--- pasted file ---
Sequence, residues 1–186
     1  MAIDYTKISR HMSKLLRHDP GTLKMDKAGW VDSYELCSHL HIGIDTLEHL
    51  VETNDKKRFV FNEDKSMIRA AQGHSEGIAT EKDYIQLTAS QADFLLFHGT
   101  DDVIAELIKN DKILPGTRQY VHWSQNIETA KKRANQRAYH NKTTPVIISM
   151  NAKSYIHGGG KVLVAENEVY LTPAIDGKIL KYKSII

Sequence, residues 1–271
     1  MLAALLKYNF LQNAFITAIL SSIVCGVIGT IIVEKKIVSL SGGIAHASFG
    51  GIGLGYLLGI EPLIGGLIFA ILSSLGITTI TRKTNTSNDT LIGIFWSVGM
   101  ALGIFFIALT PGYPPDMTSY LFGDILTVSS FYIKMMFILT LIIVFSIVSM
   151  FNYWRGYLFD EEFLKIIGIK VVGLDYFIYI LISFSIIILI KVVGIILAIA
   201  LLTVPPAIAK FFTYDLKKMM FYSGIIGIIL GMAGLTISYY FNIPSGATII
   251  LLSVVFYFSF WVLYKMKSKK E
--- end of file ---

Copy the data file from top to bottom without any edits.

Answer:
Sequence, residues 1–186
     1  MAIDYTKISR HMSKLLRHDP GTLKMDKAGW VDSYELCSHL HIGIDTLEHL
    51  VETNDKKRFV FNEDKSMIRA AQGHSEGIAT EKDYIQLTAS QADFLLFHGT
   101  DDVIAELIKN DKILPGTRQY VHWSQNIETA KKRANQRAYH NKTTPVIISM
   151  NAKSYIHGGG KVLVAENEVY LTPAIDGKIL KYKSII

Sequence, residues 1–271
     1  MLAALLKYNF LQNAFITAIL SSIVCGVIGT IIVEKKIVSL SGGIAHASFG
    51  GIGLGYLLGI EPLIGGLIFA ILSSLGITTI TRKTNTSNDT LIGIFWSVGM
   101  ALGIFFIALT PGYPPDMTSY LFGDILTVSS FYIKMMFILT LIIVFSIVSM
   151  FNYWRGYLFD EEFLKIIGIK VVGLDYFIYI LISFSIIILI KVVGIILAIA
   201  LLTVPPAIAK FFTYDLKKMM FYSGIIGIIL GMAGLTISYY FNIPSGATII
   251  LLSVVFYFSF WVLYKMKSKK E